The Value Line Investment Survey

By Lisa Smith AAA

Have you ever opened the statement that your mutual fund company sent to you, then looked at the returns and thought, "I could do better than that"?

It's an increasingly common feeling, as the returns generated by many equity mutual funds often leave investors frustrated. If you want to try your hand at picking stocks but don't know where to start, the Value Line Investment Survey can help.

The Survey
The Value Line Investment Survey consists of professional research and recommendations on approximately 1,700 stocks. According to Value Line, this represents "… approximately 95% of the trading volume of all stocks traded in U.S. markets …" The Survey also provides weekly updates on the financial markets, recommended portfolios, developments involving covered securities and special topical reports. For would-be stock pickers, Value Line provides an easy way to start your research.

SEE: How To Pick A Stock

How to Get Started
Bearing in mind that conducting your own stock research is a time-consuming task, the first step in getting familiar with the tools Value Line offers is to set aside a few hours of reading time. You will need to study the materials closely in order to understand how to use them before you will be ready to invest any cash.

Prior to delving into the literally thousands of pages of stock research at your fingertips, start by reviewing "The Complete Guide to Using The Value Line Investment Survey." In roughly 40 pages, this slim volume explains Value Line's ranking system (stocks are rated from one to five in a variety of categories) provides line-by-line explanations for the information provided in each of the research reports. At the back of the booklet is a detailed glossary of investment terms that includes definitions for terms ranging from bond ratings to unit labor costs.

Next, you'll want to read, "A Quick Study Guide." This guide explains the information included in the two binders that serve as primary research tools for investors using the hard copy version of Value Line. (An online service is also available.) The first binder contains the "Summary and Index"and "Ratings and Reports." The second binder contains "Selection and Opinion." The Quick Study Guide also explains how to use the research to choose stocks for your portfolio.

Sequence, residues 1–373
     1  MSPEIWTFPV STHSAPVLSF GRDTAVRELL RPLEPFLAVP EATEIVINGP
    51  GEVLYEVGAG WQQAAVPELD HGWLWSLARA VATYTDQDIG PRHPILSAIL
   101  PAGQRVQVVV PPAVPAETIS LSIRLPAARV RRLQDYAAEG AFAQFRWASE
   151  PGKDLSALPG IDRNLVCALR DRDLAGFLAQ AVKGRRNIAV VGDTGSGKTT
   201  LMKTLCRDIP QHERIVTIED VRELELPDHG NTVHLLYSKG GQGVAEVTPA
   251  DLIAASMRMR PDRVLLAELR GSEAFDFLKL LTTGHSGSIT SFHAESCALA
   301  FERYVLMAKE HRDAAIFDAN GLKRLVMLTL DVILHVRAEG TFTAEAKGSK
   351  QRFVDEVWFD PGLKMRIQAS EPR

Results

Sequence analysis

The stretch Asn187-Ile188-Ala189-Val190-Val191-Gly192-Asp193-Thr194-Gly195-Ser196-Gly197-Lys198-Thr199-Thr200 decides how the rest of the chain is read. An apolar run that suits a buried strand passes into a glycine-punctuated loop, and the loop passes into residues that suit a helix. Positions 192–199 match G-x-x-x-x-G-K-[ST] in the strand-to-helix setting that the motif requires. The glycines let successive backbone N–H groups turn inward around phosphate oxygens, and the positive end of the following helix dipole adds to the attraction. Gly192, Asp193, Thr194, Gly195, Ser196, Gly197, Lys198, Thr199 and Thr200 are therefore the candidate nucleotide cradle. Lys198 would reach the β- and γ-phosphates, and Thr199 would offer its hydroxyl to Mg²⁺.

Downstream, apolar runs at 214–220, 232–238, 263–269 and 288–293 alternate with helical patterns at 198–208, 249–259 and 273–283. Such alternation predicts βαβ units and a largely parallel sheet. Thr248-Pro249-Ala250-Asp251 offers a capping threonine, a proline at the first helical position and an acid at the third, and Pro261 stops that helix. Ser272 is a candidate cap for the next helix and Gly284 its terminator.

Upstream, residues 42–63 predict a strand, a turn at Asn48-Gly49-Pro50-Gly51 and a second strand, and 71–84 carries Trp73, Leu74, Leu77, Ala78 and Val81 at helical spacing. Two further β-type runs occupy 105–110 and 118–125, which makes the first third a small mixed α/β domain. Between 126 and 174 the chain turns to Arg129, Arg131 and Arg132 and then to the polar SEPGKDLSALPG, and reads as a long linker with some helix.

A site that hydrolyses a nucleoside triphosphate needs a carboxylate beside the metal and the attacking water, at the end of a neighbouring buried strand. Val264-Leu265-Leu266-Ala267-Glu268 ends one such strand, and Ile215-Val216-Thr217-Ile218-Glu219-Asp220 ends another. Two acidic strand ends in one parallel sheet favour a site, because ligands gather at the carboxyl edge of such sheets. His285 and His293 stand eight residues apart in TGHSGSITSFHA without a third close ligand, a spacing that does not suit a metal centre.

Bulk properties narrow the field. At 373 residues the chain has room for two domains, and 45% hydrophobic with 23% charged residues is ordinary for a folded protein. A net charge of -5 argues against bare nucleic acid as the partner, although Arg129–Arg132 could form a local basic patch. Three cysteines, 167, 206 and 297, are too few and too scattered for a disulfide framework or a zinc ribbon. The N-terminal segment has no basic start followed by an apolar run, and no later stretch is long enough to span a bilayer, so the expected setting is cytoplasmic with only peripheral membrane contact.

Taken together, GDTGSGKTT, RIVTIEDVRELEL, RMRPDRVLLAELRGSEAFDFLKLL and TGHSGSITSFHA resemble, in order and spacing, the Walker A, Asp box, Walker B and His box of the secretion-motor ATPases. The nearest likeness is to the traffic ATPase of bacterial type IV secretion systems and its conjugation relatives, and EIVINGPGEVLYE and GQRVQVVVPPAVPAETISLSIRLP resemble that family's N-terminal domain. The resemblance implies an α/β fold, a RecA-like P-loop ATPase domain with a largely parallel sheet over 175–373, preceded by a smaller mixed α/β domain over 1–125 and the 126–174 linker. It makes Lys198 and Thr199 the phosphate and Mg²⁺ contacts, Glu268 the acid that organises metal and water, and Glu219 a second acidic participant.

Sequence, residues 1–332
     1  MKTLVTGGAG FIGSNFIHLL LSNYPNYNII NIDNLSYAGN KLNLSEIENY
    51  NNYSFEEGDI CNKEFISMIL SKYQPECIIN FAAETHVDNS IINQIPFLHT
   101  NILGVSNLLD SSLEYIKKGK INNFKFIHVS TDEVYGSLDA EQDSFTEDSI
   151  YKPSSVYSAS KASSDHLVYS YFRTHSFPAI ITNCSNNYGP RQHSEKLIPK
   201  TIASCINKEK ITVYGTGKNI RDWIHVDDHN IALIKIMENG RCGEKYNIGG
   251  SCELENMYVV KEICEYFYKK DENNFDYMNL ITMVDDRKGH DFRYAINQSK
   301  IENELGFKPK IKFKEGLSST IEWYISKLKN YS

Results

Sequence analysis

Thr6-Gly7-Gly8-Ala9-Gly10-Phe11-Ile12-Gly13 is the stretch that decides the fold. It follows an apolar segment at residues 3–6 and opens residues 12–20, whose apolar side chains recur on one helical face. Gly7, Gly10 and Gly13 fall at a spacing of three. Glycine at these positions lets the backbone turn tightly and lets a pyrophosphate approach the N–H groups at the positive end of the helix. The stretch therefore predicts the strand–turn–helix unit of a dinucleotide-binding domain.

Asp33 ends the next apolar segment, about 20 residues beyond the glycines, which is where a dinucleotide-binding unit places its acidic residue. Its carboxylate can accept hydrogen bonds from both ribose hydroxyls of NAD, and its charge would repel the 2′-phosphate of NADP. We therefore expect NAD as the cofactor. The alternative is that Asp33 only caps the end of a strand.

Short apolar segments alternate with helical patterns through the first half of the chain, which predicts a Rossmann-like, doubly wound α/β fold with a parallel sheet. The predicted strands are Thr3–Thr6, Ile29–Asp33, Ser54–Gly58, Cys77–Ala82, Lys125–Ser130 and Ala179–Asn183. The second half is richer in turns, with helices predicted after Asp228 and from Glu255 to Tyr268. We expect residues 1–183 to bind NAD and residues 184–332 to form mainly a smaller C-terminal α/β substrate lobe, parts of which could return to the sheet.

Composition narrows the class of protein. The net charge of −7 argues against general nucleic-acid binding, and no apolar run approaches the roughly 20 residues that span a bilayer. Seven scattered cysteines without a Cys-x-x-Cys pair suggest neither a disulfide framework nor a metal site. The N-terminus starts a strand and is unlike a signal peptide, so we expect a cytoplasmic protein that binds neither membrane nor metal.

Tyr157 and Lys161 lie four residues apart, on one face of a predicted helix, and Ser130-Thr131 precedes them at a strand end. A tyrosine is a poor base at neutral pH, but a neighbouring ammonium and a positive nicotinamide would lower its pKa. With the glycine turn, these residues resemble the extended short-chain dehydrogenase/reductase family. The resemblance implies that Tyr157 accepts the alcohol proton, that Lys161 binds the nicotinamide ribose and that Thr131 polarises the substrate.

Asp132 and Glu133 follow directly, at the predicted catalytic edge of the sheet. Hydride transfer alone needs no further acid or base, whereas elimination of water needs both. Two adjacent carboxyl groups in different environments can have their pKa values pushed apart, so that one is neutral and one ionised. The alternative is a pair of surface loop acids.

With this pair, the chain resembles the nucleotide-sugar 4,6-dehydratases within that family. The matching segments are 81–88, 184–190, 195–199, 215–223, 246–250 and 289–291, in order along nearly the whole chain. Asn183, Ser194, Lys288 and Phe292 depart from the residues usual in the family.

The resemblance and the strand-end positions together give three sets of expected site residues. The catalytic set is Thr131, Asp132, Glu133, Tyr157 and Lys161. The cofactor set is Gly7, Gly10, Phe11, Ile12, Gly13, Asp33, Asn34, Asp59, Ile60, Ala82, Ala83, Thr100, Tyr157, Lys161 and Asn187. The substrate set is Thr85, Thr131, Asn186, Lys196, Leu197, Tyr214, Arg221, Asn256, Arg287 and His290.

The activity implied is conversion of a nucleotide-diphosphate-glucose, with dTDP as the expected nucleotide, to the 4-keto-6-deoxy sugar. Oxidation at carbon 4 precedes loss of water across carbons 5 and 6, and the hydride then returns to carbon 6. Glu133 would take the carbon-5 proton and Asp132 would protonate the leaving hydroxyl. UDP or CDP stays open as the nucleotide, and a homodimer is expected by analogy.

SEE: Stock Analysts: Should You Listen ?

Binder 1: Summary and Index
Starting with the first binder, the Summary and Index provides an overview of the stock screens Value Line provides, including lists of stocks with the lowest price-to-earnings ratio, the highest dividend yields, the highest annual total revenues and a host of other choices. These screens help investors identify stocks that align well with their personal investment goals. For example, investors seeking income may look for stocks that offer high dividend payments, while investors seeking growth may seek stocks that have the highest appreciation potential. If this is your first effort at picking stocks, this portion of the Survey could be of particular interest to you. In addition, the "Summary and Index" catalogs all of the covered stocks and provides the page number where the research reports can be found.

It also provides key statistics for the universe of covered stocks, including price-to-earnings ratio, dividend yields and appreciation potential. These statistics provide information about the "universe" and the direction it has been moving in, as well as providing a baseline for comparing an individual stock against the universe.

The "Ratings and Reports" section provides stock research on approximately 1,700 companies. The research includes an analysts' report that provides a brief overview of the company, a review of its financial health and a recommendation regarding its attractiveness to investors. The data portion of the report provides a detailed statistical analysis, including a price target, transactions by company officials (buying/selling), transactions by institutions, chart of historical returns, sales figures, earnings data and much more. Perhaps the best thing about the research section, particularly if you are a novice, is its ranking system.